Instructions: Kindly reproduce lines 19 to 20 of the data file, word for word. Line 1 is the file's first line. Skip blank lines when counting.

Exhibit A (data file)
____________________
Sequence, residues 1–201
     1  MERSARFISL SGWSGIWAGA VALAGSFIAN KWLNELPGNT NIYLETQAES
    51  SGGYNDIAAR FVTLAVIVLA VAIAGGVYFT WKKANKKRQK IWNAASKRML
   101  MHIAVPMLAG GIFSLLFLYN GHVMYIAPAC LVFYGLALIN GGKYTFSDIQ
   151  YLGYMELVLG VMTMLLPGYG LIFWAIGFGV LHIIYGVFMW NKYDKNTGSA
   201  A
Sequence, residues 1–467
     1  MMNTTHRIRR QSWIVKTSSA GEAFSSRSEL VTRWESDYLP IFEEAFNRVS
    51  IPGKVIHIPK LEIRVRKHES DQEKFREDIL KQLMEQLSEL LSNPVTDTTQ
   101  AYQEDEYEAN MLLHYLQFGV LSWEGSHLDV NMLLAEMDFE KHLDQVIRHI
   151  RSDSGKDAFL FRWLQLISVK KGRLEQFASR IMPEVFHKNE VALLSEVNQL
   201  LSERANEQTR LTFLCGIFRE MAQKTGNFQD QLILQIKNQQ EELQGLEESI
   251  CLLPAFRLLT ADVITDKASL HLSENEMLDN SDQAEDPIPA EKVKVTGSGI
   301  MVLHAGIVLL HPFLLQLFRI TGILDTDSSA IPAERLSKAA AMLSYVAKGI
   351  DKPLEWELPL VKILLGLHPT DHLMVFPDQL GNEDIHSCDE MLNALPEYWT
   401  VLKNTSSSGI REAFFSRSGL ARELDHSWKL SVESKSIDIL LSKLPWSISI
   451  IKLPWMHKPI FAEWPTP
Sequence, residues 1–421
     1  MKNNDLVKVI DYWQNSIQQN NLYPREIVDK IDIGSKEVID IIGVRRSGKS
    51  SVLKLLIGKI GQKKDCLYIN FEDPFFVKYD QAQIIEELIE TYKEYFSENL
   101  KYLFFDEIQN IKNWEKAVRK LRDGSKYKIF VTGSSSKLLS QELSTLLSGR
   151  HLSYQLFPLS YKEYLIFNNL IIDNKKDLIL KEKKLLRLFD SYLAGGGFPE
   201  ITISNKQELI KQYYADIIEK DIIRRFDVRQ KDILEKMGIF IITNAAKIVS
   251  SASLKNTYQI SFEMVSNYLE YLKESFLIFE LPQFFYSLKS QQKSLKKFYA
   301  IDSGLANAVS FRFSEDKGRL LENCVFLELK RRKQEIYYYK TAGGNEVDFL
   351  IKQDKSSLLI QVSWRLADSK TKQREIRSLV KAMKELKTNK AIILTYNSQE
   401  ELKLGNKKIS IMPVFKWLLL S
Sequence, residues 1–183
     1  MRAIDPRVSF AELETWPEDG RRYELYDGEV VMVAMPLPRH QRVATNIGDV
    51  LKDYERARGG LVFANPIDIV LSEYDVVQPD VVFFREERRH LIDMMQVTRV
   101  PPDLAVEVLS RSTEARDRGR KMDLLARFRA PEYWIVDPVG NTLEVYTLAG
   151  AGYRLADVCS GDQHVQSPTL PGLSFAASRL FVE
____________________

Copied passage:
     1  MKNNDLVKVI DYWQNSIQQN NLYPREIVDK IDIGSKEVID IIGVRRSGKS
    51  SVLKLLIGKI GQKKDCLYIN FEDPFFVKYD QAQIIEELIE TYKEYFSENL